Participants also need to manage their time differently, and without the daily habit of physically going to a school or institution – and the social pressure to work created in such an environment – it can be easy to lose motivation, or simply to lose concentration and browse Instagram instead of paying attention.
That’s why one of the major challenges involved in distance learning is creating sustained commitment. Of the thousands of individuals who embark on distance learning programs, only some 13% go the full distance, according to research from Warwick University.
Perhaps the most prominent challenge is the lack of direct human interaction. At the end of the day, we’re social creatures and forming meaningful connections between teachers and students, and among the students or participants themselves, is an important part of the learning process.
In fact, a study undertaken by the researchers from the University of Chicago found that students who participated in specific social learning programs saw an 11% increase in academic performance.
The importance of community in distance learning
Building a sense of community and connection among distance learning participants can play a crucial role in determining the success of the course. Community can be defined as a sense of common purpose and belonging, of being part of something. While establishing a sense of community in the classroom is always important, it’s never been more critical than right now when people are feeling isolated and alone.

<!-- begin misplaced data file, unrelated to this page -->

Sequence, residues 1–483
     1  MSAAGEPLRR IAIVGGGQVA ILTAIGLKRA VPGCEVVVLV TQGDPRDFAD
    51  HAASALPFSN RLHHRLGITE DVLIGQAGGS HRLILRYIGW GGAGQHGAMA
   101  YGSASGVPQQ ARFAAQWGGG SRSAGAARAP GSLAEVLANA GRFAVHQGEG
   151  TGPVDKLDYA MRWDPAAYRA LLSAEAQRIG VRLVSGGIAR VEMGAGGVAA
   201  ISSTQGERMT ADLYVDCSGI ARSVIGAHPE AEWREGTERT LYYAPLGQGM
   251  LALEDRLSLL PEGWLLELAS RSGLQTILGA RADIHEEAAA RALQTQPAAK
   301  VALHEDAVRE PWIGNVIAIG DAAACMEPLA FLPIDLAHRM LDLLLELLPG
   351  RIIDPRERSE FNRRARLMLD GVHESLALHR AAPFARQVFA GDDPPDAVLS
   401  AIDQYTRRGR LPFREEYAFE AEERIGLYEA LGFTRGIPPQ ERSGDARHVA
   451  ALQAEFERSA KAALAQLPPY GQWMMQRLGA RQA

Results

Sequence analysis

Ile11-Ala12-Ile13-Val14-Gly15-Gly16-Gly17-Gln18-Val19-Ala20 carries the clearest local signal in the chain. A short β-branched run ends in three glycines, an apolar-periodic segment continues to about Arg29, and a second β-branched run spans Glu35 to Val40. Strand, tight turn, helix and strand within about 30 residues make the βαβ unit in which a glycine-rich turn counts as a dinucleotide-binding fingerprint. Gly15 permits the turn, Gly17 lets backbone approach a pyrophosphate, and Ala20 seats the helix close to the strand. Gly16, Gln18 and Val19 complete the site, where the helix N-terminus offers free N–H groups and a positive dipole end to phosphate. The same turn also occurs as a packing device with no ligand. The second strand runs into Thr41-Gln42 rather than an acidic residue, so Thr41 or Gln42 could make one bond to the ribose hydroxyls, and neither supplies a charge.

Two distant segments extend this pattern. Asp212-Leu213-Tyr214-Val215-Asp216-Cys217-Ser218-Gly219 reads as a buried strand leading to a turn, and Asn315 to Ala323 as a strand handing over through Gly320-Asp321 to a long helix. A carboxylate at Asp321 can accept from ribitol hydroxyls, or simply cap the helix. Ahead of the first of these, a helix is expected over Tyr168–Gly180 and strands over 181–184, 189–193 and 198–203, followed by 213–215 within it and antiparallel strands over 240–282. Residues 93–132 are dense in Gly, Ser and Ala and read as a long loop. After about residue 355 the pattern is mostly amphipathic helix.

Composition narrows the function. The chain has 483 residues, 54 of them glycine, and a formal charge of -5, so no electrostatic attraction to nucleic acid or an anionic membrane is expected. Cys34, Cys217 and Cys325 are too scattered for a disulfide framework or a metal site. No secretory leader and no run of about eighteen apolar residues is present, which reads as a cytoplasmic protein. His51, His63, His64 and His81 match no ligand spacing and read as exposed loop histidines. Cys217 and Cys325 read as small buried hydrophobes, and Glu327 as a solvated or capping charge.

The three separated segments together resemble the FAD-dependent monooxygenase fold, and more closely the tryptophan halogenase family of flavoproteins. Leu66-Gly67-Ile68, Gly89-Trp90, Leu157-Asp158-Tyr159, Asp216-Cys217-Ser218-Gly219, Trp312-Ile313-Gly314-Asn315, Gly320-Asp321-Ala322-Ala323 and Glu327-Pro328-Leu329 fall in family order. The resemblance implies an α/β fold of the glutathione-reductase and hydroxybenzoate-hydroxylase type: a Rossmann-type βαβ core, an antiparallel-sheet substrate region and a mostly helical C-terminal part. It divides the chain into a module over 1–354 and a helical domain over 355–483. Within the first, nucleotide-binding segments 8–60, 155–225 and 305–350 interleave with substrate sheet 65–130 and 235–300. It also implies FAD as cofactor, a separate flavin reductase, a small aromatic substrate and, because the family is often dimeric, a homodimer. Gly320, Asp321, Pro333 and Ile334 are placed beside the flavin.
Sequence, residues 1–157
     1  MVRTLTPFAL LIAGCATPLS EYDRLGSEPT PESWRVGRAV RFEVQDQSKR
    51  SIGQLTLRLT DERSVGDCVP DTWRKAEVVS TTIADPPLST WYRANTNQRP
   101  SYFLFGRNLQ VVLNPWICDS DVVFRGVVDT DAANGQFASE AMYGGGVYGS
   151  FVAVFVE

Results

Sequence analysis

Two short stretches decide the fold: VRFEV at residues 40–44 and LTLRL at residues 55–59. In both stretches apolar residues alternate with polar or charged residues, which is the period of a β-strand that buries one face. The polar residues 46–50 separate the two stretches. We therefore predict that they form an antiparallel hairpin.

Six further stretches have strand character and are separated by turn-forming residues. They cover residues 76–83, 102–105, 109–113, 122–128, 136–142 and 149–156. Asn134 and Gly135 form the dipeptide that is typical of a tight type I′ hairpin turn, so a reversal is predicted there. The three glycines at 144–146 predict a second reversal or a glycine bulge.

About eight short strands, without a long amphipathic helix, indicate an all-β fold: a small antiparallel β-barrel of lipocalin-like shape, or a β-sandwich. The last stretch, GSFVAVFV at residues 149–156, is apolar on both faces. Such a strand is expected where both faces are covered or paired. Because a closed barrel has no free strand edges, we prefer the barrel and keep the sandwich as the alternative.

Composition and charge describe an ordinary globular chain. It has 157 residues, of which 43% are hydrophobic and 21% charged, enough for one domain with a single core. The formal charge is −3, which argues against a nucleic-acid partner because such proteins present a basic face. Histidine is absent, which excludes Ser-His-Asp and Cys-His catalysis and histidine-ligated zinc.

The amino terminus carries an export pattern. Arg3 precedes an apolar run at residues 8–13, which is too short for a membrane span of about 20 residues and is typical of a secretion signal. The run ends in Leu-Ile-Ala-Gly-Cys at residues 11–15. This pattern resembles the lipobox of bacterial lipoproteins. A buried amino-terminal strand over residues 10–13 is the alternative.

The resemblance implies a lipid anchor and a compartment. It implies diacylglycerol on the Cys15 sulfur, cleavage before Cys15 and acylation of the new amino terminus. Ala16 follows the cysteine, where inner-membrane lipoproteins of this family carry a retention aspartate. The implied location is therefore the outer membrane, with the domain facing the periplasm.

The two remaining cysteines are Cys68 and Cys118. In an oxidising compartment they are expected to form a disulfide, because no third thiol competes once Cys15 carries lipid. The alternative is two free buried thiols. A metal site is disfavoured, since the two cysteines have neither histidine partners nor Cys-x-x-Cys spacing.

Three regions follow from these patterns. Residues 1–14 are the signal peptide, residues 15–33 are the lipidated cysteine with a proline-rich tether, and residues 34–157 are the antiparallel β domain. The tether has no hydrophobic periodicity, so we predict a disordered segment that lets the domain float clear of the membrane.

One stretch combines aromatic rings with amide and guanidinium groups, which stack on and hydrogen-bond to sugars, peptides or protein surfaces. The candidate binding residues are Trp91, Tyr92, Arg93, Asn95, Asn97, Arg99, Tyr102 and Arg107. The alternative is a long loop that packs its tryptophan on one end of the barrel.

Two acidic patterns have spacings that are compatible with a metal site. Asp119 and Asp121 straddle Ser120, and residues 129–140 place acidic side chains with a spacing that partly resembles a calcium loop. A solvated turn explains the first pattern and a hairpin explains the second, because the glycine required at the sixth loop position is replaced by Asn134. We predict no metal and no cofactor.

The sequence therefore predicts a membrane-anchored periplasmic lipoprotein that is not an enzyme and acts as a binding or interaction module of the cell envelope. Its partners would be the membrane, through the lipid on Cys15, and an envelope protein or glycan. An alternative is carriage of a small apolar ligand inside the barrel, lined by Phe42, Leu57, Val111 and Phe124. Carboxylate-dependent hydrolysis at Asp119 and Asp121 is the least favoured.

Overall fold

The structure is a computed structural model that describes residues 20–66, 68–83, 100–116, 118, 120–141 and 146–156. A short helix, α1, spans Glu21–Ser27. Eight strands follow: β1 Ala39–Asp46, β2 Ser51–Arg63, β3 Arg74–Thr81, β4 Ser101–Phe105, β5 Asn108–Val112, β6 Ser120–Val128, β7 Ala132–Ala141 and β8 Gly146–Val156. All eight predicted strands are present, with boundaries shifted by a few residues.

A paper by the ASCD notes that “students in schools with a strong sense of community are more likely to be academically motivated; to act ethically and altruistically; to develop social and emotional competencies; and to avoid a number of problem behaviors, including drug use and violence.”
A welcoming member community can make new participants feel more at ease and confident, particularly when that “first day of school” feeling kicks in and a friendly smile and a little conversation is needed to ease nerves and kickstart a sense of belonging. Educators have found this to be crucial in the current circumstances, as students are understandably experiencing stress and loneliness as they adapt to the remote learning necessitated by COVID-19.
Online communities can even help to promote student retention by allowing relationships to form between participants, motivating them to keep returning.
Strategies for cultivating virtual learning communities
By taking full advantage of the technologies available to us today, there are a number of strategies that can be employed to develop healthy distance learning communities that are optimally conducive to learning for adults and children alike – and make educators’ jobs as easy as possible.
Successful online learning communities are reliant on the active participation of their members. For those looking to build one, the crux is providing the right tools to empower students to easily collaborate and learn socially.
Let’s look at some of the ways you can facilitate learning through online community: